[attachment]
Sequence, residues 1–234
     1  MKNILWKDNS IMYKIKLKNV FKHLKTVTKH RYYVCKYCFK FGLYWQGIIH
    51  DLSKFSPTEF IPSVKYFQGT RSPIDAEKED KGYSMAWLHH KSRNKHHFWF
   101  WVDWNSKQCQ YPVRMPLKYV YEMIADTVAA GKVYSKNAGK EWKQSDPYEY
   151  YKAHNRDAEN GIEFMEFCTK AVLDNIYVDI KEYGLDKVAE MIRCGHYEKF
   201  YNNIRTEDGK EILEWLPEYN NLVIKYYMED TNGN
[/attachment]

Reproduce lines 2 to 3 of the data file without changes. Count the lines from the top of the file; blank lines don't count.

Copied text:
     1  MKNILWKDNS IMYKIKLKNV FKHLKTVTKH RYYVCKYCFK FGLYWQGIIH
    51  DLSKFSPTEF IPSVKYFQGT RSPIDAEKED KGYSMAWLHH KSRNKHHFWF